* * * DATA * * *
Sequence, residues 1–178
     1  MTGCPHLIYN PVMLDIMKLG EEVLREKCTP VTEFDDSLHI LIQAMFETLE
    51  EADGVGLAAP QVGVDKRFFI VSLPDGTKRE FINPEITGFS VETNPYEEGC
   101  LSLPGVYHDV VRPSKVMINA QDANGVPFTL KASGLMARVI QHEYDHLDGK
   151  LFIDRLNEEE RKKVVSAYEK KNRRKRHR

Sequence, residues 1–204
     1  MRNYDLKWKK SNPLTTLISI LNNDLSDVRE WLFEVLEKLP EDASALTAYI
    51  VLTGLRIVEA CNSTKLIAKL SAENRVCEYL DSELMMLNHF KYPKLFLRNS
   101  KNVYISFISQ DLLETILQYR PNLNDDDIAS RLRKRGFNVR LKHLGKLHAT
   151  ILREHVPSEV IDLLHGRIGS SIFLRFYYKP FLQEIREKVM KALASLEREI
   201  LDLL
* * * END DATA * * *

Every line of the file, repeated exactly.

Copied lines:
Sequence, residues 1–178
     1  MTGCPHLIYN PVMLDIMKLG EEVLREKCTP VTEFDDSLHI LIQAMFETLE
    51  EADGVGLAAP QVGVDKRFFI VSLPDGTKRE FINPEITGFS VETNPYEEGC
   101  LSLPGVYHDV VRPSKVMINA QDANGVPFTL KASGLMARVI QHEYDHLDGK
   151  LFIDRLNEEE RKKVVSAYEK KNRRKRHR

Sequence, residues 1–204
     1  MRNYDLKWKK SNPLTTLISI LNNDLSDVRE WLFEVLEKLP EDASALTAYI
    51  VLTGLRIVEA CNSTKLIAKL SAENRVCEYL DSELMMLNHF KYPKLFLRNS
   101  KNVYISFISQ DLLETILQYR PNLNDDDIAS RLRKRGFNVR LKHLGKLHAT
   151  ILREHVPSEV IDLLHGRIGS SIFLRFYYKP FLQEIREKVM KALASLEREI
   201  LDLL